A Messianic Kingdom Part Two: Isaiah Journal 70

Isaiah 32    Septuagint Modernized   NETS

Variations in Septuagint Isaiah 32:1-8 Part Two

Septuagint Isaiah 32:1-8 describes the messianic King and his messianic kingdom followers. The Hebrew scripture loses the poignancy of this messianic passage when compared to the Greek. In the Septuagint, the King and his kingdom remain in sharp focus throughout.

A Short Review

Let’s do a short review of verses 1 and 2 before beginning with verse 3. Verses 1 and 2 introduce the reign of a righteous king in Zion. He shall appear as a glorious, rushing river in a thirsty land. This King is Christ. The ministry and life of Jesus of Nazareth match the prophetic words Isaiah spoke many hundreds of years earlier. (See the following links to Part One and a Devotional concerning Christ.)

Isaiah 32:1 For, behold, a righteous king shall reign, and princes shall govern with judgement.
2 And a man shall hide his words, and be hidden, as from rushing water, and shall appear in Sion as a rushing river, glorious in a thirsty land. (CAB, LXE)

The Issue of Trust in Isaiah

Now, moving forward, verse 3 in the Masoretic (Hebrew) text presents a quite positive statement. It sounds good! Who wouldn’t want this?

Isaiah 32:3 Then the eyes of those who see will not be closed, and the ears of those who hear will give attention. (ESV)

Yet, the Septuagint (Greek) presents a picture with a somewhat different emphasis, which later Scripture fulfills.

Isaiah 32:3 And they shall no longer trust in men, but they shall incline their ears to hear. (CAB, LXE)

Isaiah emphasizes the issue of trust throughout his writing. God’s people are to trust God, not men. Oddly, however, the following verse, which spells out this principle appears in the Masoretic but not in the Septuagint.

Isaiah 2:22 Stop trusting in human beings, whose life’s breath is in their nostrils. For why should they be given special consideration? (NET)

Trust Messiah

When Septuagint Isaiah states in verse three, “And they shall no longer trust in men, but they shall incline their ears to hear,” he implies that when they bend their ears forward to hear, they will be hearing God.

Jesus Christ in the New Testament fulfills the very behavior that Isaiah enjoins in 32:3.

John 2:23 Now when he was in Jerusalem at the Passover Feast, many believed in his name when they saw the signs that he was doing. 24 But Jesus on his part did not entrust himself to them, because he knew all people 25 and needed no one to bear witness about man, for he himself knew what was in man. (ESV)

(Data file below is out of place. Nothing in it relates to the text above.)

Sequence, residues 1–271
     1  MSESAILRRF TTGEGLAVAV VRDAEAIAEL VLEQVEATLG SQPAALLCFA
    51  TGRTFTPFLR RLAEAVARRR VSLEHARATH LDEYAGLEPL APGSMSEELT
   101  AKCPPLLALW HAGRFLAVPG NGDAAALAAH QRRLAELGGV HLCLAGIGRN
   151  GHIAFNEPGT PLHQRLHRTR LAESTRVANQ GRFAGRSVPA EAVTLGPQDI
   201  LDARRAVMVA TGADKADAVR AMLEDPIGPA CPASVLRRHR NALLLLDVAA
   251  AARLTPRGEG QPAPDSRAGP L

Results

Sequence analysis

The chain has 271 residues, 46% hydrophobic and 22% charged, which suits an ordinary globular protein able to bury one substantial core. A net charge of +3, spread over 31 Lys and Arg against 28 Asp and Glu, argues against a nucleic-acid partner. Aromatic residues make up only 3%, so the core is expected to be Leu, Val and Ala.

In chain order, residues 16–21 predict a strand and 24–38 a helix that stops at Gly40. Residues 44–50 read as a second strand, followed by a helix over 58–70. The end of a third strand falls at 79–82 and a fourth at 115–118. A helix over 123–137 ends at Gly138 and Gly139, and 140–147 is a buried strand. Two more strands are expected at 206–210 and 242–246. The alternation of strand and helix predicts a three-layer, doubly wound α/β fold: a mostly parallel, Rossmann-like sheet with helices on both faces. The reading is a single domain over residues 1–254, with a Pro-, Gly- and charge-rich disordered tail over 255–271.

Septuagint Isaiah 2:22 sounds like John the Apostle’s, “But the anointing that you received from him abides in you, and you have no need that anyone should teach you. But as his anointing teaches you about everything, and is true, and is no lie– just as it has taught you, abide in him.” (1John 2:27 ESV) This matches the rushing river/water analogy of the Holy Spirit in the prior verse. The presence of Christ within believers is like the rushing river of the Holy Spirit (John 4:14).

The ESV (Hebrew Masoretic) of verse 3 in Isaiah is also good, because there’s a reversal of  the blind eyes and deaf ears of Isaiah 6:9-10. However, Jesus never said that the leaders’ eyes and ears had opened. In fact, he said the opposite.

John 12:39 Therefore they could not believe. For again Isaiah said, 40 “He has blinded their eyes and hardened their heart, lest they see with their eyes, and understand with their heart, and turn, and I would heal them.” 41 Isaiah said these things because he saw his glory and spoke of him. (ESV).

Therefore, Isaiah 32:3 applies to the common people who followed Christ, rather than to the religious leaders of his day. Gospel history shows that while the Jewish religious leaders as a whole failed to trust God and his emissary, Messiah, the common people did choose to trust him, rather than men. Along with Isaiah, they “saw his glory” and believed.

The Heart of the Weak Ones

Verse 4 of the Septuagint continues from verse 3. It openly states that those who hear are the “weak ones.” Another common way of translating the Greek word for “weak” is “sick.”

Isaiah 32:4 And the heart of the weak ones shall attend to hear, and the stammering tongues shall soon learn to speak peace. (CAB, LXE)

And in similar fashion, Jesus stated that he came to heal the sick, not the healthy.

Luke 5:31 And Jesus answered them, “Those who are well have no need of a physician, but those who are sick. (ESV) (See also Matthew 9:12 and Mark 2:17.)